DIY Customizable Nail Polish

While I certainly can’t remember the last time I wore nail polish, I came across a great DIY gift for friends and family. Upon moving in with my housemates this year, I presented them with two gifts: Mini soaps bought from a local store in Newport, RI and almost-homemade DIY nail polishes of an assortment of colors. Both gifts were rather cheap since they were, well, mini, but their appearance is part of what makes them cute!

Ever wanted to know how long is too long? This graphic makes finding the answer oh-so-easy! Image from

Makeup-oriented people have been talking about shelf life for makeup products and, let me tell you, many of my eyeshadows have been sitting in my bathroom cabinet way longer than their shelf-life calls for. (In case you were wondering, shelf life for eyeshadow powders is two years.) Maybe you can relate. Hey, perhaps you once bought an eyeshadow palette but only used a few colors or maybe you received makeup as a gift but you never used it because none of the colors really suited you. If there’s anything owning lots of old eyeshadows has taught me, it’s that I’m definitely the type of girl to buy maybe a few colors that I absolutely know will look good on me and never really use any of the other colors. Rather than just toss out everything that expired into the trashcan, I thought of a better way to repurpose my powder eyshadows: Turn them into nail polishes!

The concept of using eyeshadow to tint clear nail polish isn’t new. It isn’t the latest craze. Therefore, think of this post as more of a review of my experience making these DIY nail polishes.

Old Elizabeth Arden Eyeshadows, circa 2008 or so. Scary.
Old Elizabeth Arden eyeshadows, circa 2008 or so. Scary how long they’ve kept, eh?

Here’s what I used:

  • One or more bottles of cheap clear drugstore nail polish (it doesn’t have to be cheap, but I wanted to make enough for my housemates)
  • A plastic air-tight container to store your new polish in if you plan to make multiple colors from one bottle of nail polish. I bought little circular ones at the Container Store for $0.99 each.
  • Toothpicks for stirring
  • Old powder eyeshadow. For me, I used old Urban Decay and Elizabeth Arden eyeshadows.

Take the powder eyeshadow color of choice and put it in your container. Crush it up as much as possible with your toothpick to avoid globs of eyeshadow when you pour the clear polish on top. I had fun experimenting adding bits of gold to dark blue as well as mixing different shades of pink. Have fun with this step! Also note in my photo below how much powder I ended up putting into a tiny container. This made the nail polish come out opaque so if that’s what you’re looking for, keep adding the powder eyeshadow! For using a drugstore-sized bottle of clear polish, I’d strongly suggest using even more powder than I did since the volume of clear nail polish is much greater than in my little containers.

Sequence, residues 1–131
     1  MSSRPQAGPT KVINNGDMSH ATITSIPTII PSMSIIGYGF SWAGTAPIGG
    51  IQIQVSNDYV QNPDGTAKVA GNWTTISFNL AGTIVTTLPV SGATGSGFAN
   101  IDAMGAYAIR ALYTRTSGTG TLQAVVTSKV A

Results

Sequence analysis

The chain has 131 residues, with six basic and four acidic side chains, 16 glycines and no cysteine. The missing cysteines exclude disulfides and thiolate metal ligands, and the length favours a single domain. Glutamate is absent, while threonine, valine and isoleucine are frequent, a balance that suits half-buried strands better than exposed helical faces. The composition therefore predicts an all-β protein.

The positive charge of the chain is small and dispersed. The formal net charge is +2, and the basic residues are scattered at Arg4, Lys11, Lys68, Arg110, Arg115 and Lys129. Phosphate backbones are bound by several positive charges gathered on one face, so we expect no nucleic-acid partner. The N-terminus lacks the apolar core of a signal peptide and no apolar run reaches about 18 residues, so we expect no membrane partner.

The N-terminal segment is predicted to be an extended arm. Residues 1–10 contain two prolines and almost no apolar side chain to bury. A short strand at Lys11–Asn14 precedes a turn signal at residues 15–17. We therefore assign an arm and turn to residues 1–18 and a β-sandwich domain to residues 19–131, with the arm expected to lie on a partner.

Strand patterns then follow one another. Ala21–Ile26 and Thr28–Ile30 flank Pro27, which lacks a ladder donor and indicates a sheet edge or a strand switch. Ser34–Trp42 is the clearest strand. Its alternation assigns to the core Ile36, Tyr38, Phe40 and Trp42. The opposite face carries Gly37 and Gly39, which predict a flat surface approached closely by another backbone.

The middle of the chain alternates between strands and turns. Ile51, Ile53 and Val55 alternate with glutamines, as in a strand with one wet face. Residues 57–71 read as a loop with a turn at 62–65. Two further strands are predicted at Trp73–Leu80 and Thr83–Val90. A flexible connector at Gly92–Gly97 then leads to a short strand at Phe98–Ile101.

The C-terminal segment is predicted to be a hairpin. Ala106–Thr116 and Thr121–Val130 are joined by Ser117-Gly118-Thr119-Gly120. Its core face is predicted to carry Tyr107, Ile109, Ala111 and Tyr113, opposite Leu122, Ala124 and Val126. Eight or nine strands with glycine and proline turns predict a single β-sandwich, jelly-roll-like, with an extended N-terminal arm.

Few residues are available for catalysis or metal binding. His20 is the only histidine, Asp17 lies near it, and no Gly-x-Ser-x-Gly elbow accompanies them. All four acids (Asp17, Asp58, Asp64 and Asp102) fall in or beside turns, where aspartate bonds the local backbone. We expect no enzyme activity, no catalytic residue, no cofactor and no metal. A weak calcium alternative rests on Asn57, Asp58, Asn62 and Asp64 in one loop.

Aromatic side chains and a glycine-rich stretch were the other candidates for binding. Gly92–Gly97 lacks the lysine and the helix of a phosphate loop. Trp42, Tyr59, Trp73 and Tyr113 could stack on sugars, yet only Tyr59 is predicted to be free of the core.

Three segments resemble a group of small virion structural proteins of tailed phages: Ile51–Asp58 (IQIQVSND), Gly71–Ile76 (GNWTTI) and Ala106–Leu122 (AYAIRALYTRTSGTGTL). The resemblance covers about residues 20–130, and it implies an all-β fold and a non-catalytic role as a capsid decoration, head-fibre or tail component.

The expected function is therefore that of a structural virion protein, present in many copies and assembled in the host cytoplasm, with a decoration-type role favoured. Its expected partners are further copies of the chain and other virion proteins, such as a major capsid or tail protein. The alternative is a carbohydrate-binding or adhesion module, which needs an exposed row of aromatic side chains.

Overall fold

Here, I’ve mixed a few shades of pink, purple, and white together before adding the clear nail polish.

f you plan to make multiple colors like I did, pour a bit of the clear nail polish into your little container but don’t make it too full! You’ll be adding powder eyeshadow and stirring. If you add too much clear nail polish, you’ll just end up making a mess. (Whoops.)  Alternatively, you can use one bottle of clear nail polish per color and simply add the powder eyeshadow directly into the bottle. If you do go this route, definitely try a funnel to prevent the powder from going everywhere.

Now, stir, stir, stir with your toothpick! Try and make it so that the powder eyeshadow and clear nail polish (although no longer clear) are homologous. Adding the liquid (clear nail polish) made the shade of eyeshadow I was working with darker.  If you’re stirring in the nail polish bottle, the brush may be a good way to go since you don’t want to loose your toothpick in the bottle.

Four mini nail polishes all ready to go!

Overall, I made gold, pink, deep blue, and dark purple polishes.  My housemates loved them (at least I think)! The downside to putting the polishes into their own containers is the lack of a nail polish brush. Since I didn’t make a batch for myself, I’m not quite certain of the shelf life and/or how long it will be until the nail polish dries out on its own. Still, if you know people that constantly update their nails, this little gift would be perfect for them (or yourself)! The process of making these wasn’t long at all, maybe 5 minutes tops per color. I strongly recommend this DIY project to anyone who has leftover eyeshadows lying around!


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